The Four Harmonies
July 14, 2023
Up to this point, our reflections have focused on God’s original plan for humanity as manifest in the state and experiences of our first parents in the beginning. Their experiences are part of what Pope St. John Paul II referred to as our “theological pre-history” (TOB 4:1-3). Human history as we know it began with the Fall of man, which we call original sin. It is only by reflecting upon our experience of what’s wrong with the world (including our own humanity) in light of Scripture and Tradition that we can gain insight into the life of our first parents before the Fall. This is just what Pope St. John Paul II has done in Theology of the Body and what we have been doing in these reflections.
Before going on to ponder what went wrong in the beginning and how sin continues to exert its destructive influence in human history, I would like to reflect one more time on the state of man in the beginning. Doing so helps us understand God’s original plan — i.e., how things are supposed to be — as well as the end toward which He is guiding us through salvation history.
The state of humanity before the Fall, which is inaccessible to us now, has been variously referred to as original justice, original innocence, or original happiness. Pope St. John Paul II used all these terms more or less synonymously in TOB to describe the condition of our first parents. Their existence was marked not only by a freedom from sin and its effects but also a fullness of grace and goodness which I describe as the “four harmonies” (see Catechism nos. 374-379). These four harmonies characterize man’s relationships with God, himself, other human beings, and the rest of creation. Let’s briefly look at each.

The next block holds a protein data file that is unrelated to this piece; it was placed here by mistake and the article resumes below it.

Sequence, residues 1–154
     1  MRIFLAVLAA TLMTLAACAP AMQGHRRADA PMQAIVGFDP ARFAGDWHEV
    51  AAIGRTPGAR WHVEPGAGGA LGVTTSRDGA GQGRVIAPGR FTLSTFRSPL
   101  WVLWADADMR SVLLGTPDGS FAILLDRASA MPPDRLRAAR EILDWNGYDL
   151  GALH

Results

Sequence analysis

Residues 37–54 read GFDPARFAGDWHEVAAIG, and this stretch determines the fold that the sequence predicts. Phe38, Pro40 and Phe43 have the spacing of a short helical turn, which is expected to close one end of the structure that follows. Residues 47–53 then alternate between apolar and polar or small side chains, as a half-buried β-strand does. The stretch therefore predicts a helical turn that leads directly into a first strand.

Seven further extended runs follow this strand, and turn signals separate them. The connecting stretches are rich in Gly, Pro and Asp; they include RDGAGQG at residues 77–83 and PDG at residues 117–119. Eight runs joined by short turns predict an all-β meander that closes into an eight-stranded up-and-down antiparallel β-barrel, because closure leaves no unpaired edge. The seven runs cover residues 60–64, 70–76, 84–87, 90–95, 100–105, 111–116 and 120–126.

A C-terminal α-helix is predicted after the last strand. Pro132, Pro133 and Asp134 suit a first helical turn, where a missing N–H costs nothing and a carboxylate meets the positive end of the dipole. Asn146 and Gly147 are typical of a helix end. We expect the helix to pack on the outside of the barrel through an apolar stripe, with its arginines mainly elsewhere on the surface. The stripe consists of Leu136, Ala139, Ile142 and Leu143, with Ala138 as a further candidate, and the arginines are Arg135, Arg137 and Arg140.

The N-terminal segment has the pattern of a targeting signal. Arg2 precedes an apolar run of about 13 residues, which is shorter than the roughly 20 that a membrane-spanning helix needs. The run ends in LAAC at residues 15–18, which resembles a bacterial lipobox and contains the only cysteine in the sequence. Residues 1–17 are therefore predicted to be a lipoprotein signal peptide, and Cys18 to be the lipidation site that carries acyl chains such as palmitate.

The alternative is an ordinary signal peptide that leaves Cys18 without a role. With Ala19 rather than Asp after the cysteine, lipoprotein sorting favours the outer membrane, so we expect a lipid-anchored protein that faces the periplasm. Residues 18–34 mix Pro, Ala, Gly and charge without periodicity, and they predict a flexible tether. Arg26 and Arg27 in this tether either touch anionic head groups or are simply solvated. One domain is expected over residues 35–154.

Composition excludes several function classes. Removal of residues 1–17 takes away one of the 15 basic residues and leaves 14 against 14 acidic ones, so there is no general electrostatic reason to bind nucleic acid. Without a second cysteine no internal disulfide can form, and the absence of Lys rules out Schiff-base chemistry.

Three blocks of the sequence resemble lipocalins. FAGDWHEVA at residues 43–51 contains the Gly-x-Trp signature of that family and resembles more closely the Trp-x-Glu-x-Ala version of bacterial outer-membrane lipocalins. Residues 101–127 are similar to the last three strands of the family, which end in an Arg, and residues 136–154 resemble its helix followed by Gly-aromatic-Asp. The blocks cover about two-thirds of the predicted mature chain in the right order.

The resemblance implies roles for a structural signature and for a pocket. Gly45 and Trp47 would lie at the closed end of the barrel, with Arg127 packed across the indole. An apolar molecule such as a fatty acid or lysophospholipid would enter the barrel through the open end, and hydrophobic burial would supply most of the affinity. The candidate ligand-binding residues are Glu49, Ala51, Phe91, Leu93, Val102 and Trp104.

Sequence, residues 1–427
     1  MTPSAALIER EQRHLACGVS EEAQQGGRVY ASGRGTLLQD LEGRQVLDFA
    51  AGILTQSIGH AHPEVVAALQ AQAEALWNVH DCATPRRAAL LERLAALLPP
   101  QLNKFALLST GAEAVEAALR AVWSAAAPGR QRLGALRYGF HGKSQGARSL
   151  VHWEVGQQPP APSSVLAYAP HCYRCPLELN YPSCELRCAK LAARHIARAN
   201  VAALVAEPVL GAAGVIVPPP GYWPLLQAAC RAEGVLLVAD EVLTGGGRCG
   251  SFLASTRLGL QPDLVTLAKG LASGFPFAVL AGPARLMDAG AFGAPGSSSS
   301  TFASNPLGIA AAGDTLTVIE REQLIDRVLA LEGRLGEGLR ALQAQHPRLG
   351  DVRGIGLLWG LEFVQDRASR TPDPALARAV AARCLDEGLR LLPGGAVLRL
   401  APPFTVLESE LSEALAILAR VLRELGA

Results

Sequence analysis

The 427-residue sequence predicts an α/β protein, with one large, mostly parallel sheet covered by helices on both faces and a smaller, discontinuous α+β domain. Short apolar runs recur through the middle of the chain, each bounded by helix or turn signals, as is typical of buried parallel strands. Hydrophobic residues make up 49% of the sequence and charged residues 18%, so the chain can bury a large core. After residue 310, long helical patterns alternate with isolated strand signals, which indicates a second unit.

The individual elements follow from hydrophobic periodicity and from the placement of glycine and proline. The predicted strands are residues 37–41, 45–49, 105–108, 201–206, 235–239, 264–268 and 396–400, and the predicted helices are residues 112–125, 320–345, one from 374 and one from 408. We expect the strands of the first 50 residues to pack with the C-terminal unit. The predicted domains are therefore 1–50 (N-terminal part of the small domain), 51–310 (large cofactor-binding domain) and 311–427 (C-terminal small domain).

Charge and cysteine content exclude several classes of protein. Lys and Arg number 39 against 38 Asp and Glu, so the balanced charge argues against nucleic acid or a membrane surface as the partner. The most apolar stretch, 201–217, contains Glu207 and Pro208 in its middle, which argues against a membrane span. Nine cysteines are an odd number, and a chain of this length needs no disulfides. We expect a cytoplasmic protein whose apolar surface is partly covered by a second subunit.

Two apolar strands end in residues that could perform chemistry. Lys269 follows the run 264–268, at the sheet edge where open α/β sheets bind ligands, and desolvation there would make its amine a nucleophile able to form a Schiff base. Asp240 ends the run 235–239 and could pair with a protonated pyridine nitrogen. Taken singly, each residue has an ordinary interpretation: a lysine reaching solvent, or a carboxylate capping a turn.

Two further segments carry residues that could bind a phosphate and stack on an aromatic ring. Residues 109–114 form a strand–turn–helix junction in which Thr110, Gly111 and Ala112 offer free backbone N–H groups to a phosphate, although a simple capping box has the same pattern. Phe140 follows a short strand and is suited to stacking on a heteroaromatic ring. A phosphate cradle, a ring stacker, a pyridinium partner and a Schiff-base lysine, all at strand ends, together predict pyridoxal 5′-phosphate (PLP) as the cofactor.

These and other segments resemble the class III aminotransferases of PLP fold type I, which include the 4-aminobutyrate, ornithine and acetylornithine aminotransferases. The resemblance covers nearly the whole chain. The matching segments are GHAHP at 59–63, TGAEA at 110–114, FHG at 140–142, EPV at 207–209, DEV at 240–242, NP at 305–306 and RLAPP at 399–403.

Before the Fall, man existed in a state of intimacy and communion with God in which he was filled with grace and preternatural gifts. Our first parents’ relationship with God was marked by complete trust, cooperation, and communion. They truly walked in the presence of God as His sons and daughters, filled with reverence and filial love, trusting fully in their Father’s word. This is the first and most important of the four harmonies. It is the basis upon which man was able to receive all of God’s other gifts and blessings.
Original man also experienced interior harmony in which all of the powers and facets of his body and soul were perfectly integrated. There was no interior conflict; no struggle between his head and heart. This harmony within man conveyed a peacefulness and self-possession that maximized his freedom. As a perfectly integrated unity of body and soul living in graced friendship with God, original man experienced an absence of illness and decay and would have been spared the separation of body and soul we call death had he not turned from God through sin.
The third harmony describes the relationship between human beings prior to the Fall. The first two harmonies enabled our first parents to look on each other “with all the peace of the interior gaze” (TOB 13.1). As described in our reflections on original nakedness, there was no reason to feel fear or shame in the presence of another human being because original man’s eyes were open to the dignity of the human person revealed through the human body and his heart was properly ordered to always respect, reverence, and love each human person made in God’s image. Because their eyes and hearts were so pure, there were no inner temptations to use or hurt one another.
Lastly, original man existed in harmonious relationship with the rest of creation, which he joyfully received and cherished as a gift from the Creator. The elements and creatures of the natural world yielded to the will of man which was guided by wisdom, stewardship, and gratitude, as he exercised his divinely-appointed authority over the world.
Considering these four harmonies helps us glimpse God’s wise and loving plan for humanity. It also prepares us for our subsequent reflections in which we will explore the wounding effects of sin and the healing power of our redemption in Christ.
Note: This article is part of a series of reflections on Pope St. John Paul II’s “Theology of the Body.”
Written by, Dr. Andrew Sodergren, M.T.S., Psy.D.,
Director of Ruah Woods Psychological Services
(Article originally published in The Catholic Telegraph, October 2022 Issue, the official magazine of the Archdiocese of Cincinnati)